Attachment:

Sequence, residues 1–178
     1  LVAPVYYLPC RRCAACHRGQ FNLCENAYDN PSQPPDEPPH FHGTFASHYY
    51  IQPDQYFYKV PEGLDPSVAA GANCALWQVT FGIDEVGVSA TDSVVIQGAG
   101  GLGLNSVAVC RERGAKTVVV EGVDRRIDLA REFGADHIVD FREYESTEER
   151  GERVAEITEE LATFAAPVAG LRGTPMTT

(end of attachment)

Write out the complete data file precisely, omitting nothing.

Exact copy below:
Sequence, residues 1–178
     1  LVAPVYYLPC RRCAACHRGQ FNLCENAYDN PSQPPDEPPH FHGTFASHYY
    51  IQPDQYFYKV PEGLDPSVAA GANCALWQVT FGIDEVGVSA TDSVVIQGAG
   101  GLGLNSVAVC RERGAKTVVV EGVDRRIDLA REFGADHIVD FREYESTEER
   151  GERVAEITEE LATFAAPVAG LRGTPMTT